Making business more human: How one retailer put people first in response to the pandemic

Dawid Papież / July 2020 / Retail, Local Case Studies

While the full extent of the pandemic’s economic cost continues to unfold, it’s clear that retail has been one of the industries hardest hit. High street shutters were pulled down as retailers around the world reduced workforces or furloughed staff. Survival in crisis means adapting. And while turning around a cruise liner may be a lot more difficult than a sailboat, it’s the agility and vision of upper management that matters most.

When other retailers scrambled to understand the implications of lockdown, leaders at Eobuwie — a Polish footwear company — reacted quickly in an effort to save jobs. By focusing on its people, the company not only managed to save jobs, it also had a widespread impact on culture and organisation.

People-centric decision making

When faced with a crisis, businesses usually react in one of two ways: cut expenses and ride out the storm, or invest in what works. In late February, while the gravity of the pandemic was still sinking in across Europe, Eobuwie took the decision to invest in what worked best: its people.

The company moved swiftly by offering new roles to over 400 people at their logistics centres. Former brick-and-mortar staff quickly adapted thanks to agile onboarding and the fact that the centres used the same technology as the stores. The e-commerce staff was directed to work from home and the entire switch was complete within just five days.

Opening channels of communication

While it might have felt that the world outside was going through the plot of a Hollywood blockbuster, Eobuwie acted quickly to put its people at ease. The company moved to ensure teams that they could rely on the organisation.

This went beyond the economic impact. Eobuwie found that one of the biggest challenges it faced during the transition period was the psychological impact of uncertainty on its people.

The brand took measures to ensure its staff could lean on management and colleagues for support and safety. It worked to open channels of communication and support networks that enabled staff to adapt.

Navigating teams through uncertain times has meant brands across the region have adopted more human approaches to doing business. It often takes a crisis for real cultural change within an organisation to happen, and change can mean very simple tweaks. From daily check-in calls and morale building events to more flexible schedules and mental support lines. Working from home or moving teams around comes with obstacles that go beyond technology. Being human, building trust, and providing support is key to success.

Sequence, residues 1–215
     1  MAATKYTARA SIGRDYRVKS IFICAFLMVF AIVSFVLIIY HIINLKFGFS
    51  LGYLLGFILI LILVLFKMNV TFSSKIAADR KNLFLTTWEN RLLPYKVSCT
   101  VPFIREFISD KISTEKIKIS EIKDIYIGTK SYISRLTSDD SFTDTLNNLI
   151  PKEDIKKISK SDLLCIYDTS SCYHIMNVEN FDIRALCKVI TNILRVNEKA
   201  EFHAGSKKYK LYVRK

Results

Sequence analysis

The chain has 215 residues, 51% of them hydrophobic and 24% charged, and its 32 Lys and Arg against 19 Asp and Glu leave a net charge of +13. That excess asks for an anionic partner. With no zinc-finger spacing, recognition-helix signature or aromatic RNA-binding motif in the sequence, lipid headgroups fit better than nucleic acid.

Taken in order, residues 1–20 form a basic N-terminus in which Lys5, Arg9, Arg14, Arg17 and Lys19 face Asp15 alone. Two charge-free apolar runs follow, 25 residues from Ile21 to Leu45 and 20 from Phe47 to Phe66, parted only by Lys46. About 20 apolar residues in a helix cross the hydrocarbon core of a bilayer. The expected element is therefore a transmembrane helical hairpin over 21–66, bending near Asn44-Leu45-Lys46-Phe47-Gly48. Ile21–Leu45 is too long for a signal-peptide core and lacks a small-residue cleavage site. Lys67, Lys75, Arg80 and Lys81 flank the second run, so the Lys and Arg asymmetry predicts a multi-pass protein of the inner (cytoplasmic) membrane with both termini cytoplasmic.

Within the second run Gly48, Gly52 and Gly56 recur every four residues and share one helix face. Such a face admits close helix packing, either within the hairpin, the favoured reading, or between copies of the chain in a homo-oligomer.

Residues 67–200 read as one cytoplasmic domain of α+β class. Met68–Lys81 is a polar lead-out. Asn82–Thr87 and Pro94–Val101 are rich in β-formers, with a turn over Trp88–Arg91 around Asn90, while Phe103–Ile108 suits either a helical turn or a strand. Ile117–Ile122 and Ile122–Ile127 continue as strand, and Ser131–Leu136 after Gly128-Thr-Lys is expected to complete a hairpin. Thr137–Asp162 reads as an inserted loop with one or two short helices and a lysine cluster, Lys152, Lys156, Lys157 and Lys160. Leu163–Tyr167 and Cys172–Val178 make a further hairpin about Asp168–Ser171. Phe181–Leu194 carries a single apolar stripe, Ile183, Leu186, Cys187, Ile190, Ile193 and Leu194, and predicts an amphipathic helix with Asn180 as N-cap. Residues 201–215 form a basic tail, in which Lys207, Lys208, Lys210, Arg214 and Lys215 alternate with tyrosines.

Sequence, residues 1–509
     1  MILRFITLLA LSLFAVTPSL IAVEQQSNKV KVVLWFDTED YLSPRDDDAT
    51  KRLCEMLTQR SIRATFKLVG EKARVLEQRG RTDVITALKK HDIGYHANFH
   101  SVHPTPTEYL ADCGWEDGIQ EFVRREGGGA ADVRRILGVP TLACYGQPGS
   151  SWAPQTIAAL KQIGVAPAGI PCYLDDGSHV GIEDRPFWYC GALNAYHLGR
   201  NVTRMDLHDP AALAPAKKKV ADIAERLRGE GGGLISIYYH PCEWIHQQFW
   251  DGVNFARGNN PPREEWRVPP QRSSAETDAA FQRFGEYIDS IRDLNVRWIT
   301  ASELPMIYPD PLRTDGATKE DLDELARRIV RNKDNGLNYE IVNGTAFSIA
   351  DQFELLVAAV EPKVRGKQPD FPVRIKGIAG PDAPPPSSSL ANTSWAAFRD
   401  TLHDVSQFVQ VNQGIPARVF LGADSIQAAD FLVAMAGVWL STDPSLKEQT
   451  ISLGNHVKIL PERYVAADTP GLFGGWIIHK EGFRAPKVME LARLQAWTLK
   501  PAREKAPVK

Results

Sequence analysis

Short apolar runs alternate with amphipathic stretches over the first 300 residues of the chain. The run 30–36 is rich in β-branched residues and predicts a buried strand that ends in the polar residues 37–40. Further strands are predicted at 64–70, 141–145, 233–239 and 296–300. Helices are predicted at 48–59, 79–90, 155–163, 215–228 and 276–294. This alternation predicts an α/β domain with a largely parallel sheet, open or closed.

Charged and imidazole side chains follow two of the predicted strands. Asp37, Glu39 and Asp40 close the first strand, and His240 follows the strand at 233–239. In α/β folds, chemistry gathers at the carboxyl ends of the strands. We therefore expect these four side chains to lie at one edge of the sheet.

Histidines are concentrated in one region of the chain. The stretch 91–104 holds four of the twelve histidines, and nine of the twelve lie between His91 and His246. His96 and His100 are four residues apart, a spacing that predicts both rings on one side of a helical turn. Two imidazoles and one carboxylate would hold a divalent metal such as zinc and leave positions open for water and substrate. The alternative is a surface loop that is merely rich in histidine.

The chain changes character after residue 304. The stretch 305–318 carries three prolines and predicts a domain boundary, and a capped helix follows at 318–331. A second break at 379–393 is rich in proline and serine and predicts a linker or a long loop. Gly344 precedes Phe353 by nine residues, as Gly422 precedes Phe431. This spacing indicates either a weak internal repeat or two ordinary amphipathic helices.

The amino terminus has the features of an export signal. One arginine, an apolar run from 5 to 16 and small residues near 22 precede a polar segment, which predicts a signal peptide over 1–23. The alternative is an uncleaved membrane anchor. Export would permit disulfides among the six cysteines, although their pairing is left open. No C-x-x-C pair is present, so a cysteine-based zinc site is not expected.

Marcin Grzymkowski, CEO at Eobuwie, says both teams adapted easily to their new work environments thanks to “attitude, flexibility, and efficiency”. The footwear retailer understood that with the right support in place, talent can adapt to change.

At the logistics centre, Eobuwie took measures to ensure employee health and safety. This included regularly taking the temperature of staff, adhering to strict social distancing, using visors, and sanitising the entire centre throughout the day and each workstation at the end of shifts. A company that puts its workforce first and values people, is a company that builds a strong brand with customers.

“Taking care of our employees’ health and safety is one of the most important things we can do to protect our clients. There is no choice between employee and customer well-being, because they both are complementary to one another,” explains Grzymkowski.

Decisive leadership holds everything together

The world will eventually move beyond COVID-19, but businesses will continue to face a range of crises. Overcoming a crisis means having the right people in place and valuing the human factor. Remote collaboration and communication has been made possible by the technology and tools companies have available, but it takes decisive leadership that can build trust and supports teams to hold an organisation together. “Walls do not create an organisation, teams do,” adds Grzymkowski.

Walls do not create an organisation, teams do.

2020 has been a turbulent year (so far) with multiple lessons. For many of us the division between professional and personal lines have blurred. This puts even more emphasis on brands’ responsibilities to take care of both by rethinking company culture.

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